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  • Harnessing Creativity to Boost Developing Economies, by Mario Osava

    The U.N. estimates that the creative industries -- which encompass a wide range of activities, from the movie and music industries to fashion and computer software -- represent seven percent of global GDP, the equivalent of 1.3 billion dollars this year. It is also a sector that is growing at a faster rate than the world economy in general. In the United States, Miguez noted, the intellectual property sector accounts for eight percent of GDP and generates employment for 12 percent of the c...

    Source
    IPS
  • GE looking to developing nations for future growth

    Sixty percent of General Electric Co.’s growth in the next decade will come from developing countries, with revenue from China alone expected to top $5 billion in 2005, GE’s top executive said yesterday at the company’s annual meeting. This is a great time for your company, because we are outperforming in a slow-growth world, chief executive Jeff Immelt told shareholders. The industrial, financial, and media powerhouse has won 70 percent of China’s commitme...

    Source
    Associated Press
  • What’s The Best Tech Device For The World’s Poor? by Tony KontzerWed

    Efforts to get information technology into the hands of people in Third World nations are a huge cultural imperative and a significant business opportunity. But what form those efforts should take is a matter of debate, if a keynote panel discussion Wednesday at Sand Hill Group’s Software 2005 conference in Santa Clara, Calif., is any indication. Much of the discussion, which provided a welcome respite from all the talk of business processes and product strategy, revolved around two in...

    Source
    InformationWeek
  • Flies, Fish and a South African Success Story, by Ed Stoddard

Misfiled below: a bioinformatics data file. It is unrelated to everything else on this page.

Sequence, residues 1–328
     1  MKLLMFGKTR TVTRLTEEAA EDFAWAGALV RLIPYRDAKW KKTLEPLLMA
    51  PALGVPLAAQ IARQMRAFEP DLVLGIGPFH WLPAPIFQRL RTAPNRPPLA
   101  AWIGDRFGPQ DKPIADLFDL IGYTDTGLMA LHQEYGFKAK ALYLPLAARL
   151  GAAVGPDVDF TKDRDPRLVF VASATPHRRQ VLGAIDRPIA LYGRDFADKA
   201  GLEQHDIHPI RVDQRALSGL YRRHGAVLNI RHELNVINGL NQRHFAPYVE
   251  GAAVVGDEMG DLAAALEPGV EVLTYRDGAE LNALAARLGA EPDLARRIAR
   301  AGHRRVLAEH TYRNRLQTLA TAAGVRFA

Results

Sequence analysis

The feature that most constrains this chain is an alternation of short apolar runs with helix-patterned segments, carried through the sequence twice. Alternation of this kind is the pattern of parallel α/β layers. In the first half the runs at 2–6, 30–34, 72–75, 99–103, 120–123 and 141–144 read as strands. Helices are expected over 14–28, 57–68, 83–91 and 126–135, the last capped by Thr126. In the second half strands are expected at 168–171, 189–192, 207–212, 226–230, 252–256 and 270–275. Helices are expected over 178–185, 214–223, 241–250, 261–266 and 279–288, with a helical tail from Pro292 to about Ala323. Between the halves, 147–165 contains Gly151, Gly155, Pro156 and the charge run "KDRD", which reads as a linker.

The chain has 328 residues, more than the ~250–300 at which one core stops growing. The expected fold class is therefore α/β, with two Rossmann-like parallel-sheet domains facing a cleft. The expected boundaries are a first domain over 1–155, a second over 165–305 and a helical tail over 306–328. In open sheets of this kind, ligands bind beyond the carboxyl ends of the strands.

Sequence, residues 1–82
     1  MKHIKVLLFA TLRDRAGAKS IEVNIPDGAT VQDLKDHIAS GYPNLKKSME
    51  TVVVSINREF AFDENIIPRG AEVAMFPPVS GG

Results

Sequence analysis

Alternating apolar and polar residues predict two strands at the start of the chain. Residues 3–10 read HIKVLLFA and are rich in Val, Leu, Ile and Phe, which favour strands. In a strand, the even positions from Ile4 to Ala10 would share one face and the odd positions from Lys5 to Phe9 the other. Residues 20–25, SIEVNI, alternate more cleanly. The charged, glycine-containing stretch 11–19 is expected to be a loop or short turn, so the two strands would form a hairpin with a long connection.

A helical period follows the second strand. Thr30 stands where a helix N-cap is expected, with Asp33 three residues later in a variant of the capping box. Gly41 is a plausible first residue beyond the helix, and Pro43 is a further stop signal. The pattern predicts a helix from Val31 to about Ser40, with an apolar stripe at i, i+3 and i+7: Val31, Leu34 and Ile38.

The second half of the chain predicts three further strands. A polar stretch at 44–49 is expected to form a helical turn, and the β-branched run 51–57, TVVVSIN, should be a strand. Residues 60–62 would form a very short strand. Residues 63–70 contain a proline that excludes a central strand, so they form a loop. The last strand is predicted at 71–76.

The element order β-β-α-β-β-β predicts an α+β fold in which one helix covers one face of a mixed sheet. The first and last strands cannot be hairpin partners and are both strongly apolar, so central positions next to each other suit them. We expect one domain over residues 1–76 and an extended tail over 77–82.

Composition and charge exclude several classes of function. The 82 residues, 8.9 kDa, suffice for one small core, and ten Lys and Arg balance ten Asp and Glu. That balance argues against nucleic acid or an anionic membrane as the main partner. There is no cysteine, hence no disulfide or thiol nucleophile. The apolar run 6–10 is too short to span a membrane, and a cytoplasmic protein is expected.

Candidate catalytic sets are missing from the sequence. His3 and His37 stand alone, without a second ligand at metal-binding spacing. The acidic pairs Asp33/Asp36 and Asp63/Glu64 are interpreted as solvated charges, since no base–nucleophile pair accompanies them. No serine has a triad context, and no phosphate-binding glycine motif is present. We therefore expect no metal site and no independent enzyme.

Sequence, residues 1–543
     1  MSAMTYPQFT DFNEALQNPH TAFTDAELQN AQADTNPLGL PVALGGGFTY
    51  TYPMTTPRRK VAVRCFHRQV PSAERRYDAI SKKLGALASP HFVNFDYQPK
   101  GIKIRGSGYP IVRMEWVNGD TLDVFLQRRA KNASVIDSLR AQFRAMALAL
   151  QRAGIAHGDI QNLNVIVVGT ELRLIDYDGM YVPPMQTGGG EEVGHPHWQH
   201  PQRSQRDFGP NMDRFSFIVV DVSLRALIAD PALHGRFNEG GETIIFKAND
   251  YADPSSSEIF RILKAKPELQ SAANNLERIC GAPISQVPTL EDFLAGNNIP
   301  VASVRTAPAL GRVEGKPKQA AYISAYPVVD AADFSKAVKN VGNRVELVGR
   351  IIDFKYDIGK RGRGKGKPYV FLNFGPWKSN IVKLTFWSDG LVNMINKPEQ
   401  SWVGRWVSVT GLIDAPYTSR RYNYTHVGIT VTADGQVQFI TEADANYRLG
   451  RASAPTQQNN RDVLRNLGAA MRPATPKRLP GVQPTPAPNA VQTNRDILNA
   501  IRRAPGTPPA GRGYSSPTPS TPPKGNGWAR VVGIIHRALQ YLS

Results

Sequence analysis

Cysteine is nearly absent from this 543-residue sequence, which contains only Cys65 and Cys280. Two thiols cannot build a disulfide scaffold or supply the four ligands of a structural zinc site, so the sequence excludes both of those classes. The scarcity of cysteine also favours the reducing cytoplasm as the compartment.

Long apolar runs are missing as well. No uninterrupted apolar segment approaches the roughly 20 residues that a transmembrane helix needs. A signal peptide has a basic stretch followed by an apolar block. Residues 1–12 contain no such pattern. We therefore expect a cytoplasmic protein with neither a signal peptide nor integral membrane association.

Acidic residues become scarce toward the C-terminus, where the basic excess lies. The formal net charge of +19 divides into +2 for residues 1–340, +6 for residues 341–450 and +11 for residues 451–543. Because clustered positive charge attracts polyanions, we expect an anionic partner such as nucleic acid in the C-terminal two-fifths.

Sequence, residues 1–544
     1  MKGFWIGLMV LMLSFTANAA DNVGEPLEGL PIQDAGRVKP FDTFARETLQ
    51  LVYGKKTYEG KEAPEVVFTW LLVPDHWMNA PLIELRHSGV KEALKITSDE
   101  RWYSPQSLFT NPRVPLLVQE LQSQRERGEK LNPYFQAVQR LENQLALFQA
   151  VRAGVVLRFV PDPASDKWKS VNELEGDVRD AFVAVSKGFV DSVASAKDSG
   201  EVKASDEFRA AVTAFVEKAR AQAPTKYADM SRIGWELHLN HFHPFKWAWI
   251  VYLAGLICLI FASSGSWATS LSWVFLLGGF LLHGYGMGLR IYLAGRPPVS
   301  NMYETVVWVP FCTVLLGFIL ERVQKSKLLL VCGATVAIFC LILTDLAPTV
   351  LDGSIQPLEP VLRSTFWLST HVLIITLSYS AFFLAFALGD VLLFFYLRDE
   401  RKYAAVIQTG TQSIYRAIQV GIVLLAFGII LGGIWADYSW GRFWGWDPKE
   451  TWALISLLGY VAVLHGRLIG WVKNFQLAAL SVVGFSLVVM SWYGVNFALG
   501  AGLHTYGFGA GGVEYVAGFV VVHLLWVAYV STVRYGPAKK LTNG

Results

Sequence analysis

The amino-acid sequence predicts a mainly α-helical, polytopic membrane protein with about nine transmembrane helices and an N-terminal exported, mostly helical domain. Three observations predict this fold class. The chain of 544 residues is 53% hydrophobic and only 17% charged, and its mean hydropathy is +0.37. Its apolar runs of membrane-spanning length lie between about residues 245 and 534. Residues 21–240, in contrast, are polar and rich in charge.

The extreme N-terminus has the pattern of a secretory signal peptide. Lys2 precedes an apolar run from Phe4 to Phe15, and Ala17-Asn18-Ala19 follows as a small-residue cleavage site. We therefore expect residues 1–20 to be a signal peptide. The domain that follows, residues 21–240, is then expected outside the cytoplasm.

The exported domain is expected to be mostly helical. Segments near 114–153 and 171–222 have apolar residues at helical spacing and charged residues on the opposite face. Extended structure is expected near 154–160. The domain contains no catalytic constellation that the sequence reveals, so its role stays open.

Mpho Mashila has never caught a fish in her life but she ties a mean fly. The decoy insects (called flies) tied by her and other women in the South African squatters camp where she lives are so popular with fly fishing aficionados in the United States that Mashila and others are being reeled out of poverty. I was trained for four months and then I became a trainer. I now train the other women how to tie flies, she said from behind a table cluttered with the tools of her tr...

    Source
    Reuters
  • UN commission calls on Africa to commit to information and knowledge economy

    With information and communication technologies (ICT) spinning off new industries in Africa, the United Nations Economic Commission for Africa (ECA) today called on the continent’s governments to commit themselves to policies that create information and knowledge economies. Already Africa’s ICT environment was leading to the creation of technology parks, globally-operating call centres, cyber-cities and a growing software development sector that was seeking a share of the global $2...

    Source
    UN News Centre
  • Aspen to Produce New U.S. Aids Drugs, Sell Them in Africa, by Tamar Kahn

    Aspen’s head of strategic trade, Stavros Nicolau, said Gilead would provide Aspen with the ingredients and technology to make the drugs, and Aspen would seek licensing approval in African countries where they were not registered. Aspen had lodged an application to register Viread with the Medicines Control Council and planned to follow suit with Truvada shortly. Nicolau declined to comment on projected sales volumes, but said the African market had strong potential as only about 7%-8% ...

    Source
    Business Day (Johannesburg)
  • In Ethiopian Hills, Five Years to Create Something Out of Nothing, by Helene Cooper

    A year ago, Koraro villagers scraped together the money to pay for a seventh-grade teacher, then put the class under the tree since there was no room in the school. Paying for an eighth grade is beyond the village’s means at this point. If the rich world is actually going to deliver on its promise to halve global poverty by 2015, then it has to start somewhere. It may as well be here in this village, deep in Ethiopia’s northern Tigray Province, where food is scarce and water even s...

    Source
    The New York Times
  • Indian language fonts soon on PCs

    In a bid to enhance penetration of computers and Internet in the country, the Government is planning to make it mandatory for original equipment manufacturers (OEM) to load fonts in 23 Indian languages onto the computers sold in the country. It (lack of local language computing) is a hindrance in proliferation of computer and Internet. We have to keep in mind that in India less than 5 per cent of the people speak English and therefore we need to make these fonts freely available in ...

    Source
    The Hindu Business Line
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